Regulation of hypothalamic neuronal function in obesity | Abstract
Journal of Glycomics & Lipidomics

Journal of Glycomics & Lipidomics
Open Access

ISSN: 2153-0637


Regulation of hypothalamic neuronal function in obesity

Allison W Xu

Obesity develops with chronic consumption of palatable energy-dense diets, and also with increasing age. With persistent positive energy balance, the increase in body weight is accompanied by a steady rise in circulating leptin levels, indicating the progressive development of counter regulatory mechanisms to antagonize leptin’s anorexigenic effects. Hypothalamic neurons co-expressing agouti-related peptide (AgRP) and neuropeptide Y are direct leptin targets. We have recently shown that AgRP neurons are the predominant cell type situated outside the blood-brain barrier in the mediobasal hypothalamus. AgRP neurons are able to sense slight changes in plasma metabolic signals, such as leptin, but they also more quickly develop cellular leptin resistance in contrast to proopiomelanocortin (POMC) and other hypothalamic neurons that remain leptinsensitive. AgRP neurons also display age-dependent increase in innervation onto their target neurons, and this process is accelerated by chronic high-fat feeding. Our studies suggest that AgRP neurons are critical sensors for peripheral metabolic hormones and that they play a dynamic role in metabolic fine tuning in response to acute changes in nutritional status. Our studies also suggest that these neurons, with their unique anatomical relationship with the blood-brain barrier, could serve as important targets for therapeutic intervention for the treatment of metabolic disorders. Obesity affects more than 300 million humans worldwide and projections for the next 20 years predict a global prevalence of up to 20%, amounting to more than one billion obese individuals by the year 2030.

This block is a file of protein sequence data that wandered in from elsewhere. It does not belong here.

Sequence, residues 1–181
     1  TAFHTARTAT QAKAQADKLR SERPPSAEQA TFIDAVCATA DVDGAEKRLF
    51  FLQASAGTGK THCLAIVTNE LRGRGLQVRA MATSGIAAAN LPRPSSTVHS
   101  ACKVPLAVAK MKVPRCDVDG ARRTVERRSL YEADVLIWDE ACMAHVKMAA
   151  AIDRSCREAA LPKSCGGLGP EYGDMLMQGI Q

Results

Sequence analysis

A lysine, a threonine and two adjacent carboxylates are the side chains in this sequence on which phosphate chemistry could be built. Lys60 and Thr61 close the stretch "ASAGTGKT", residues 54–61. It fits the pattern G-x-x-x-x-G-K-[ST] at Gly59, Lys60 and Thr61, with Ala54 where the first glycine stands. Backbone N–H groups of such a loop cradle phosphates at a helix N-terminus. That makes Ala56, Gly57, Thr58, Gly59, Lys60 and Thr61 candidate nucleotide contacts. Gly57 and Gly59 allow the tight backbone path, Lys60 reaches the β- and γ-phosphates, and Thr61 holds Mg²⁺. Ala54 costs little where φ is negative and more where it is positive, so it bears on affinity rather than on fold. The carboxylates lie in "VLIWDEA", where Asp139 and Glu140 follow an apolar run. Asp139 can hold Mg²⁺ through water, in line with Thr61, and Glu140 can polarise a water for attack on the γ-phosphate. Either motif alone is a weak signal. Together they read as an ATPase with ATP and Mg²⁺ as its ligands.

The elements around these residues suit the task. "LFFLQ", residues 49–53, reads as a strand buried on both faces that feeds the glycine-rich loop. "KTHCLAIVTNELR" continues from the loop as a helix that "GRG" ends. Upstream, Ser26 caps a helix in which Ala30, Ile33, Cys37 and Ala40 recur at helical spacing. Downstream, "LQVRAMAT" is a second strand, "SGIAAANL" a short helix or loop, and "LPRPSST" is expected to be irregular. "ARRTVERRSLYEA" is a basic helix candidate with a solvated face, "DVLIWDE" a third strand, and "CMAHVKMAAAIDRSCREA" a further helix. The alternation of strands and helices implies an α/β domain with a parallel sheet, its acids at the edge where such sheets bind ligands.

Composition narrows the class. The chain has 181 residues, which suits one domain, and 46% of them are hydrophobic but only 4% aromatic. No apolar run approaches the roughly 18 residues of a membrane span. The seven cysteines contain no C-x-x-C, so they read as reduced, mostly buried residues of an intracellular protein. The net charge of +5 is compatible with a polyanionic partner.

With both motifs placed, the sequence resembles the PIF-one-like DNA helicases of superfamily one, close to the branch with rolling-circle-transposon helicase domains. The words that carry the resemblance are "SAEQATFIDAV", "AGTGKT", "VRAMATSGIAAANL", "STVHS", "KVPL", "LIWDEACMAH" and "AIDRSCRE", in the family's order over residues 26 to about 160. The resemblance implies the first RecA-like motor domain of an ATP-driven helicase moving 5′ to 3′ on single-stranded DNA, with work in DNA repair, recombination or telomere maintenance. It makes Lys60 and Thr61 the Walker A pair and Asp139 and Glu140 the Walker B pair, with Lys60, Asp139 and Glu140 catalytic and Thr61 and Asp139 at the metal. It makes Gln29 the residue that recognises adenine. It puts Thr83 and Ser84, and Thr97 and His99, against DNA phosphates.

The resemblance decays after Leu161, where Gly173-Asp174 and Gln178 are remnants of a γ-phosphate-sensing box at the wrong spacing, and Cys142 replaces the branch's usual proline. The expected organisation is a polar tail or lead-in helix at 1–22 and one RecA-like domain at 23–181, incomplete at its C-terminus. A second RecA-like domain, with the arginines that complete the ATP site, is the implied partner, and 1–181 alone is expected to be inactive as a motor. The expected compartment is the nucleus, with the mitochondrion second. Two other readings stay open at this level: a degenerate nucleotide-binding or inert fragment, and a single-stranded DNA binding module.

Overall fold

As a major risk factor for diabetes mellitus, hypertension, dyslipidemia, arteriosclerosis, as well as joint and skeletal deterioration, respiratory failure, and certain types of cancer,  the burden of disease posed by the looming obesity epidemic is staggering. Unfortunately, lifestyle or behavioral interventions designed to correct nutritional overload and increase physical activity have yet to halt or even slow the increase of obesity prevalence. Similarly, the few drugs currently approved for obesity treatment are limited by both side effects and lack of efficacy, and although bariatric surgery can achieve substantial reduction of body weight and improve metabolic control, it is an invasive and costly intervention that is not uniformly effective and realistically can be offered to only a tiny fraction of those affected. The highly integrated and redundant nature of neurocircuits involved in energy homeostasis offers important insight into the question of why common forms of obesity have proven so difficult to treat. Energy homeostasis is the biological process that promotes stability in the amount of body energy stored as fat, and weight loss triggers robust activation of this homeostatic system in obese as well as in lean individuals. This response in turn limits the capacity to sustain voluntary weight loss and explains why non-surgical interventions typically cannot sustain weight loss of 5-7%—an amount that activates compensatory responses that limit further weight loss and favor recovery of lost weight. Stated differently, obesity arises not simply via passive accumulation of excess calories as fat but involves an upward re-setting of the biologically defended level of body fat.

Published Date: 2020-10-23;